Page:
Art builds faith and family at Hunters Hill

In the lead up to Holy Week at Villa Maria Catholic Primary School Hunters Hill, families began arriving at school early for a very special extra-curricular activity.

Instead of dropping their children at the gate ahead of band or before school care, parents were invited in to be a part of creating brand new banners featuring bright depictions of the Stations of the Cross.

The painting table initiative, which culminated in a Stations of the Cross walk just before students finished school for Term 1, offered families the chance to do something creative together while reflecting on what faith could add to their everyday life during Lent.

“Parents were saying their children were jumping out of bed on the Wednesday morning to come, because they knew they had to get here early,” said the school’s Family Educator Marea De Angelis.

“At some points it was hard to push in and do a segment of painting, because there was so many people there.”

The painting table was the second large-scale community art project the school has attempted over the past two years. Rather than focusing on creative ability, both initiatives have focused on faith and bringing families together.

Painting together

Like many busy families, children at Villa Maria said it can be difficult for their parents to find time to relax and be creative with them.

The painting table program, which required a parent to attend alongside their child, provided a great reason for families to come together with a shared purpose.

Jessica O’Grady, Year 5, was joined at the sessions she attended by her dad and her brother.

“My dad had to make room for it, and I’m really happy that he did,” she said. “It was a really joyful experience.”

Year 4 student Zara Saade attended every session over an eight-week block, and enjoyed reflecting on Christ’s journey at Easter as she painted the cross in many of the 14 pictures.

It was a really joyful experience

– Jessica O’Grady

“We know the Easter Bunny’s coming but that doesn’t mean there’s nothing else,” she said. “Jesus had to go through many hardships.”

Ms De Angelis said every aspect of the program was designed to help families engage more deeply with Jesus’ journey.

“We started every session with a prayer and a reflection. The parents also took home a prayer card to remind them of what they’ve done that morning, so they could have the deeper discussion about the journey and story of Jesus.”

“Then we had a very child-centred Stations of the Cross before the holidays, and each class did it one after the other. We had a drum beating as students moved in silence from one banner to the next.”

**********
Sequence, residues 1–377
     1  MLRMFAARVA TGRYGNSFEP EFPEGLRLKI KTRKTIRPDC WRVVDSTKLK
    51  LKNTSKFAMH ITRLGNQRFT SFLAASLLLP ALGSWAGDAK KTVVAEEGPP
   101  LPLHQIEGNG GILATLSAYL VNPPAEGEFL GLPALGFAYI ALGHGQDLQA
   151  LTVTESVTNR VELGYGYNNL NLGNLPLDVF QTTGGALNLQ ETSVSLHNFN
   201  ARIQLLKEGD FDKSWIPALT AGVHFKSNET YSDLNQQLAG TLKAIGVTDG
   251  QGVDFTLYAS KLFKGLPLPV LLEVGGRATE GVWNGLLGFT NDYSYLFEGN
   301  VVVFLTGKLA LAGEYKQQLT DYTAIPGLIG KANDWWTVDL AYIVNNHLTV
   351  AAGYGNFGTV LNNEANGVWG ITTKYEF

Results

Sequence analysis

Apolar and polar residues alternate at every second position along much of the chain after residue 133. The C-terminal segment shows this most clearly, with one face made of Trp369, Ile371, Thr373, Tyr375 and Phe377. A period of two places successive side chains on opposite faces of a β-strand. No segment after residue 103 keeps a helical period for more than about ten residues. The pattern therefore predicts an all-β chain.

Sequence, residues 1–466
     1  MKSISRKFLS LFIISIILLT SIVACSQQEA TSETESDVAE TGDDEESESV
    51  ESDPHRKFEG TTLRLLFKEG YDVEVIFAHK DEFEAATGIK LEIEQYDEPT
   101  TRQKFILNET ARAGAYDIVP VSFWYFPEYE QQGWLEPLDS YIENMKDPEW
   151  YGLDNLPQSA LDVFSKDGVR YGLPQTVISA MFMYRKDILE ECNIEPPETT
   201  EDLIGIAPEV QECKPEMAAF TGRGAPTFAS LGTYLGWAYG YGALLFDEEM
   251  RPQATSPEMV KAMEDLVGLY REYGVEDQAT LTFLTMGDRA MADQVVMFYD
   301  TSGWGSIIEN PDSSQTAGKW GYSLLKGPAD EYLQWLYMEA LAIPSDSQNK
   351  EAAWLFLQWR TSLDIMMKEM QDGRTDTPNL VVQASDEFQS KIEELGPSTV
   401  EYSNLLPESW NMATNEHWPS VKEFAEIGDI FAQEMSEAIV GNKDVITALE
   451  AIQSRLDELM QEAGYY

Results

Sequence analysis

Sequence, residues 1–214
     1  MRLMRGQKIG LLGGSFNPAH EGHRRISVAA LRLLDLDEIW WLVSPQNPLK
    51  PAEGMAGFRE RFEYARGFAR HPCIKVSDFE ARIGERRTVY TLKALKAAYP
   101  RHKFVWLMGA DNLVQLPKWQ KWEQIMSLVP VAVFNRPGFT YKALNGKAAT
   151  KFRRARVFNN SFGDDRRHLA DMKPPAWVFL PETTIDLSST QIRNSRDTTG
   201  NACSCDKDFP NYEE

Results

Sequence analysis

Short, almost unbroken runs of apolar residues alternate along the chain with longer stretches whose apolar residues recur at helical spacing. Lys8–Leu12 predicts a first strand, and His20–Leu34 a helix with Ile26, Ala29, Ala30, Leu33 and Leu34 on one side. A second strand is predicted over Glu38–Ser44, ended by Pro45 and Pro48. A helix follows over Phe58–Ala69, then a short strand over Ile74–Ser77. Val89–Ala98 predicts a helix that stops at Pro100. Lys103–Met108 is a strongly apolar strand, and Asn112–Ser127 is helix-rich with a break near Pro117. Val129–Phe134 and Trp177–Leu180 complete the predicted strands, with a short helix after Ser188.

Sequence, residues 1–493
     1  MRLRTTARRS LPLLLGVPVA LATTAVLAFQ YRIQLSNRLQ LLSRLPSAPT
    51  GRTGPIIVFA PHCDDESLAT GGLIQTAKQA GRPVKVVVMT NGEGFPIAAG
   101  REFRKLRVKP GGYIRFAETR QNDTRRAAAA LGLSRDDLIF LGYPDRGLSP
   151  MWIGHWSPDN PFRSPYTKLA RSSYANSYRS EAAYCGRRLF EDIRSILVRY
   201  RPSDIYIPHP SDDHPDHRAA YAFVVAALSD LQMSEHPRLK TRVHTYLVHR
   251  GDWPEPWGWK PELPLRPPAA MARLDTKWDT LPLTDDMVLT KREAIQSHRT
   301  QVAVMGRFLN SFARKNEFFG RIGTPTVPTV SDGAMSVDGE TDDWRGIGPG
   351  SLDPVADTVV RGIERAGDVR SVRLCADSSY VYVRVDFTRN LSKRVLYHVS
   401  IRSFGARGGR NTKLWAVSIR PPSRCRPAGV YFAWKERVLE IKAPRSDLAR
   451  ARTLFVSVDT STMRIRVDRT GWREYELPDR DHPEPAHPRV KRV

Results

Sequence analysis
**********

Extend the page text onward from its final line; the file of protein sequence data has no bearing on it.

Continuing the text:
Creating a community

Uniting families by encouraging creative time together has become a theme at Villa Maria. Outside their front office, a bright cross mosaic represents every family that was part of the community when they celebrated 150 years of Catholic education on their site in 2018.

Each household received a bag of coloured tiles to create a small, square mosaic inspired by their family, and staff created the centerpiece of the cross, an image of the school’s logo, while on a retreat.

Tiles were then drawn together to create an artwork that represented the whole school community and demonstrated for children that history is a thing they are making in their daily lives at school.

The result was spectacular

– Marea De Angelis

“The result was spectacular,” Mrs De Angelis said. “It’s living history, and even if you drive past the school you see it.”

Twins Zoe and Alexis Papakyriakou, both in Year 2, were eager to point out their family’s tile, which featured both of them holding a love heart up between them.

“Our tile means love because everyone in our family represents love,” said Alexis.

The two sisters are about hope,” added Zoe. “Love is very important in religion, and there’s love all around our school so that’s why we chose to do it.”

Students describe their tiles

Jonah Tunstall, Year 5

“My tile is a T with a love heart around it. The ‘T’ represents Tunstall, our family, and the heart represents love. The ‘T’ we put in blue because most of our family likes blue.”

Annabel Ireland, Year 5

“My tile’s a star. We have five people in our family and it represents the five points of the star coming together as one.”

Jack McCarthy, Year 5

“On my tile there’s a palm tree, because we like to live and be bright. We like holidays, we like the beach.”

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